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Performance of Symptom-Based Case Definitions to Identify Influenza Virus Infection Among Pregnant Women in Middle-Income Countries: Findings From the Pregnancy and Influenza Multinational Epidemiologic (PRIME) Study
M.G. Wesley, Y. Tinoco, A. Patel, P. Suntarratiwong, D. Hunt, C. Sinthuwattanawibool, G. Soto, W. Kittikraisak, P.K. Das, C.S. ArriolaShow More
Published in NLM (Medline)
PMID: 33173947
Volume: 73
Issue: 11
Pages: e4321 - e4328
BACKGROUND: The World Health Organization (WHO) recommends case definitions for influenza surveillance that are also used in public health research, although their performance has not been assessed in many risk groups, including pregnant women in whom influenza may manifest differently. We evaluated the performance of symptom-based definitions to detect influenza in a cohort of pregnant women in India, Peru, and Thailand. METHODS: In 2017 and 2018, we contacted 11 277 pregnant women twice weekly during the influenza season to identify illnesses with new or worsened cough, runny nose, sore throat, difficulty breathing, or myalgia and collected data on other symptoms and nasal swabs for influenza real-time reverse transcription-polymerase chain reaction (rRT-PCR) testing. We calculated sensitivity, specificity, positive-predictive value, and negative-predictive value of each symptom predictor, WHO respiratory illness case definitions, and a de novo definition derived from results of multivariable modeling. RESULTS: Of 5444 eligible illness episodes among 3965 participants, 310 (6%) were positive for influenza. In a multivariable model, measured fever ≥38°C (adjusted odds ratio [95% confidence interval], 4.6 [3.1-6.8]), myalgia (3.0 [2.2-4.0]), cough (2.7 [1.9-3.9]), and chills (1.6 [1.1-2.4]) were independently associated with influenza illness. A definition based on these 4 (measured fever, cough, chills, or myalgia) was 95% sensitive and 27% specific. The WHO influenza-like illness (ILI) definition was 16% sensitive and 98% specific. CONCLUSIONS: The current WHO ILI case definition was highly specific but had low sensitivity. The intended use of case definitions should be considered when evaluating the tradeoff between sensitivity and specificity. Published by Oxford University Press for the Infectious Diseases Society of America 2020.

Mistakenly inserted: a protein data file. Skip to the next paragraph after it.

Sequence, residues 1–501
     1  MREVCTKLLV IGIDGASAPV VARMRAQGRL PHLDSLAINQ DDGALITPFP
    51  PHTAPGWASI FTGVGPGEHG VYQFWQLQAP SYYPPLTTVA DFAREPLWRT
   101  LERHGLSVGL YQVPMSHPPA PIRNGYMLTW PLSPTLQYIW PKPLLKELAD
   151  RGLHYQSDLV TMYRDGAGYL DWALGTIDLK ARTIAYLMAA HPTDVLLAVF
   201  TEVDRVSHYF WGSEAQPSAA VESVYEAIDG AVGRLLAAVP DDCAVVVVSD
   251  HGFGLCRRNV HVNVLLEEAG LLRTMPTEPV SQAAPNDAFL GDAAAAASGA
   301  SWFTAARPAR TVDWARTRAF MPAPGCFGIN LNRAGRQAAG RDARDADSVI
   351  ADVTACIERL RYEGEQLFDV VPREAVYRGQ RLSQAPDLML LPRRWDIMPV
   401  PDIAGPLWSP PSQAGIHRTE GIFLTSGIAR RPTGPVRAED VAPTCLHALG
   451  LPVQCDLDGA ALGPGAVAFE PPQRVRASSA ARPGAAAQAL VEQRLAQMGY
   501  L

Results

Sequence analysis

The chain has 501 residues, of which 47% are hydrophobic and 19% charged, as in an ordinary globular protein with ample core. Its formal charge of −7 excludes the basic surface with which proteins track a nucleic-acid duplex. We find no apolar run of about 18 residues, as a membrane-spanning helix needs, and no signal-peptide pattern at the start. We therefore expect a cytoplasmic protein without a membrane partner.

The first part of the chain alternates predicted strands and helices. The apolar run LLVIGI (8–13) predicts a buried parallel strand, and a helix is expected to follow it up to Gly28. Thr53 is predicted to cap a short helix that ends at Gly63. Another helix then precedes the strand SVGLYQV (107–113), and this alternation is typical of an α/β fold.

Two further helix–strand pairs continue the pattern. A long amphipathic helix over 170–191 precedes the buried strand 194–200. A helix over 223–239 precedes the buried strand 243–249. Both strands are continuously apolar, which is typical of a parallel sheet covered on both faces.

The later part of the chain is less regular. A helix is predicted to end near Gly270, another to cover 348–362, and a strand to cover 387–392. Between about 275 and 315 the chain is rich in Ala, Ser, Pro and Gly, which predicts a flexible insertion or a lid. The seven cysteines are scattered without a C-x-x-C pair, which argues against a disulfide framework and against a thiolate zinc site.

About the journal
JournalClinical infectious diseases : an official publication of the Infectious Diseases Society of America
PublisherNLM (Medline)